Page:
Chagas disease: Bridging the gap between patients and treatment

cbatista_1Carolina Batista, Regional Medical Director, DNDi Latin America
[February 2016]

Just before the end of 2015, the notorious announcement of the acquisition of benznidazole rights in the USA with the intention to apply for the FDA’s Priority Review Voucher (PRV) has generated innumerous debates and certainly has driven worldwide attention to Chagas. This state of affairs, despite all the buzz around KaloBios’s former CEO, has exposed the dramatic treatment access situation regarding the leading parasitic killer of the Americas. Currently, 99% of the estimated patients endure the lack of diagnostic and medical attention according to PAHO recommendations.

The truth is that despite some advances in the Chagas landscape in the last years, no significant changes in access occurred and major gaps remain between the estimates of the number of people living with Chagas disease and those actually diagnosed and treated.

According to the latest WHO report, approximately 5.7 million people are infected by Chagas disease in Latin America, approximately 30% of which will develop a chronic heart condition that is estimated to cause more than 7,000 deaths annually. Chagas disease causes the highest disease burden of any parasitic disease in the Western hemisphere. Despite the reduction of new cases due to successful vector control and blood safety measures in Latin America, strong emphasis needs to be placed on scaling up diagnosis and treatment.

In an attempt to contribute to changing this paradigm and address current  challenges, DNDi has been working with local partners to identify the most appropriate context-specific access strategies and delivery models to scale up access to diagnosis and treatment in Chagas disease.

Carolina Batista examines a patient
Carolina Batista examines a patient

The process started with the consolidation of available baseline information, revision of country morbidity and mortality data, epidemiological profile, and overall assessment of current policies and basic regulatory aspects of Chagas disease. The first selected countries or regions were Colombia, Mexico, Brazil, the Gran Chaco, and the USA. Aligned with the Global Chagas Coalition, Ministries of Health, academia, international organizations, and other key stakeholders, the objective is to implement country-specific collaborative pilot projects, applying available tools and assessing the feasibility of implementing diagnosis and treatment for infected individuals in selected health centres, and of course to measure the impact. Furthermore, local communities are being engaged and specific health education activities are conducted to mobilize sustainable social support.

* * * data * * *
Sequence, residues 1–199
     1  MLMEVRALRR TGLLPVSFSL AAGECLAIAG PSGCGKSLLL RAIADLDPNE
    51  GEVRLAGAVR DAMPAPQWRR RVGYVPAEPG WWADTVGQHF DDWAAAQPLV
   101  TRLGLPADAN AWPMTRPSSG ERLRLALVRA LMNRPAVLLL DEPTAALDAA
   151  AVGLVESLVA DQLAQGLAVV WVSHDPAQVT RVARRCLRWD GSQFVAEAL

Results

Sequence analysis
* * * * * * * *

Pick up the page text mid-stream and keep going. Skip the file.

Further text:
The first initiative was launched in Colombia, where DNDi and the Ministry of Health organized a joint seminar in April 2015 to discuss the elimination of barriers to diagnose and treat Chagas disease patients in Colombia. One of the most important outcomes of this meeting was the future collaboration among DNDi, the National Programme and the Colombian Network ‘Red Chagas’ to create the pilot project to enable the implementation of the Chagas Road Map in priority high endemic municipalities.

Throughout the year of 2015, DNDi has worked to provide technical and operational support to the Colombian National Programme to structure the roadmap for those pilot projects. Four endemic areas have been prioritized to yield the operational activities, validated diagnostic protocol, cost-effectiveness studies, and registration of benznidazole, as well as to establish indicators for Chagas disease:  Boyacá, Casanare, Arauca, and Santander.

In 2016, the aim is to conduct this Deployment Project also in the USA and Mexico. In each locality, synergies are fostered in such a way as to capitalize on local efforts and expertise to set up a model that works optimally in each environment and is designed to be replicated. Ultimately, the success of this project depends on multi-sectorial collaboration to ensure that far from the headlines of international financial dailies, the needs of patients are being addressed with what is available now, while R&D investment and efforts are being exerted to provide new tools to patients as soon as they become available.

Carolina Batista, Regional Medical Director, DNDi Latin America

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